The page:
Cassie Symms tells us about her son Zander’s battle to live to see his first birthday…
‘I saw in the doctor’s face it was bad. My whole world crumbled’
Mum & Dad: Cassie and Dan
CHD CV: Partial AVSD
“Zander was only nine hours old when they discovered he had “something” wrong with his heart, back on July 31, 2010. Despite the murmur, he was feeding well, was a good colour and was a very good weight at just under 10lb 3oz.
My husband Dan and I were allowed to take him home to be with his big sister Avril, with the promise of an appointment in the next two weeks to check his heart. We were just told that if he went grey or floppy to ring the hospital straight away. It was hard to take in and, if I’m honest, we really thought they had got it wrong for two weeks. Zander fed brilliantly, slept lots and had no breathing problems.
But then we went for his heart scan at Rotherham Hospital. I could see from the doctor’s face that it was bad news. He said Zander had a very serious heart condition that he suspected was Tetralogy of Fallot. My world was crumbling. How come my son looked healthy and was doing so well? He was pink, happy and content. We went to Leeds the next day, where the consultant confirmed Zander had TOF, a large VSD and severe branch pulmonary stenosis, and told us that if he behaved he wouldn’t need surgery until he was around a year old. It still didn’t seem real. How could my tiny baby need open heart surgery? Why him? I put everything into finding out as much as possible about his condition – and I’ve met some amazing friends along the way, especially on the CHSF Facebook page.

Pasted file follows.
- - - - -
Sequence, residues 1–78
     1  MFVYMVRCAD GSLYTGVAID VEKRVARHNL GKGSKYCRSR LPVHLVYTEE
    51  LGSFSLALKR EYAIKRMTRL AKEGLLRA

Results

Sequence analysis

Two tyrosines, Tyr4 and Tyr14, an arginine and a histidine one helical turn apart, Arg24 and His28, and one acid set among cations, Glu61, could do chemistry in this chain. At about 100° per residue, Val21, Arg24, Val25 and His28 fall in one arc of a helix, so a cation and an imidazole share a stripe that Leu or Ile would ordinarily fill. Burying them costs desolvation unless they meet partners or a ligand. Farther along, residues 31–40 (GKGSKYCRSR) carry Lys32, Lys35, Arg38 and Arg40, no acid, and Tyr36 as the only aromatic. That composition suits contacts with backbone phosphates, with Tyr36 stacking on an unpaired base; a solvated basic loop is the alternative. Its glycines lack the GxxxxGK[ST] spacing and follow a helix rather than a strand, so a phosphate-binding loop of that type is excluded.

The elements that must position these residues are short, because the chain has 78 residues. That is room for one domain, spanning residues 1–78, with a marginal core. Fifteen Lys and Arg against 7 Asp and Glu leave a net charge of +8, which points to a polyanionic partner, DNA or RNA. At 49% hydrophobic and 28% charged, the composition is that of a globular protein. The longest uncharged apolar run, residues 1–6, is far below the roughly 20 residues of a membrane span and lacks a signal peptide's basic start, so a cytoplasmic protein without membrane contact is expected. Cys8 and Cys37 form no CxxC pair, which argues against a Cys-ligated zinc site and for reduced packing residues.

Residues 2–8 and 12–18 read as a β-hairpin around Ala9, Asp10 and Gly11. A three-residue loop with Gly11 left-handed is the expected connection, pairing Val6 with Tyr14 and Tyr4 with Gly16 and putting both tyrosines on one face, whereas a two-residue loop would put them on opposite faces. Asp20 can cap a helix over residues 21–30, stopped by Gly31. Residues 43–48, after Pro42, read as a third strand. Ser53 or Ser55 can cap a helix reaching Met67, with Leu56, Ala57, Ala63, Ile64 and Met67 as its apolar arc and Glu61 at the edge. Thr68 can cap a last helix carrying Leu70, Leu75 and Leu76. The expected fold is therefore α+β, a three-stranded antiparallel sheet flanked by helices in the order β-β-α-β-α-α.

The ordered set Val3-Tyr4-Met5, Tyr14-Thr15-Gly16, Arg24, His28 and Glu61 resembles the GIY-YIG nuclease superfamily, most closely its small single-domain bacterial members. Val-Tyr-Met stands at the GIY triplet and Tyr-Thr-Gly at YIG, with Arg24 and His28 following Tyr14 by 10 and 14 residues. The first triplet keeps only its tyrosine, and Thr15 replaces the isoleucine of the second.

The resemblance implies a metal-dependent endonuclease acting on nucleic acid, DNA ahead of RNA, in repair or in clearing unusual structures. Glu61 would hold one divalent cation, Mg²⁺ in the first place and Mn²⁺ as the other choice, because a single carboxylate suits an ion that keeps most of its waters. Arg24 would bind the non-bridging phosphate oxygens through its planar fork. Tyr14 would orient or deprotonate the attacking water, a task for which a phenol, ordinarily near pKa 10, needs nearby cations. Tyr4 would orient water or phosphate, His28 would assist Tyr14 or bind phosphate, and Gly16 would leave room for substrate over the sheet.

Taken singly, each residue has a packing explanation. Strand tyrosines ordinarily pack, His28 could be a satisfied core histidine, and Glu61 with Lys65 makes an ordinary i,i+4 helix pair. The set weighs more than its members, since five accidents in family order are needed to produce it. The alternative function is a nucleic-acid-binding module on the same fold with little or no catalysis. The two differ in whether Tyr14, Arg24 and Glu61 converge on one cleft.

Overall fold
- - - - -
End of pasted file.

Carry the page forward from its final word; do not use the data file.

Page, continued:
At about six months old, Zander started to show the signs of being poorly. He had eating and breathing problems, blue spells and was put on beta blockers. The blue spells were horrible and scary. They did Zander’s first open heart surgery on June 10 last year, just under two months before his first birthday.
He was in theatre for almost 13 hours – we were told the average is eight. He had post-surgery complications – high blood pressure and temperatures; he was on and off dialysis and suffered complete heart block. Zander’s surgeon, Kevin Watterson, is an amazing, dedicated man who was by my son’s side day and night for those first seven days. He is a hero and his team are amazing too.
After a week, Mr Watterson decided to do a second operation, so Zander went to theatre again – this time to have a pacemaker fitter, which took just over two hours. My little baby was still only ten months old. The nurses on Ward 4 (the intensive care ward) were my rock. They were there when I broke down after hearing that Zander would have to have a second surgery before he even woke up from his first. I was very scared and the nurses really helped me along. The care Charlotte gave Zander straight after surgery was amazing and she was like his fairy godmother.
It’s nearly a year on from then, and Zander has had many out-patient appointments since his surgery. He sees his cardiologist every two months and has had complications since coming home. His inlet valve is leaking and the right side of his heart is enlarged. His medication has been upped because he has become more breathless and tired. He’ll need more surgeries in the future – but we don’t know when.
We try to stay positive. We believe Zander is here for a reason. He has proved he is strong because he’s made it this far and has fought harder than we could have imagined. Zander is an inspiration to us. He’s a miracle and he is tough beyond words. He started walking in January and has just started running. Although he gets tired very easily and wants to sleep lots, he amazes me every day. He loves playing with Avril, who is a brilliant big sister and has been very brave and strong. We live every day the best we can because we never know what is around the corner. We know we are blessed to have Zander here with us.”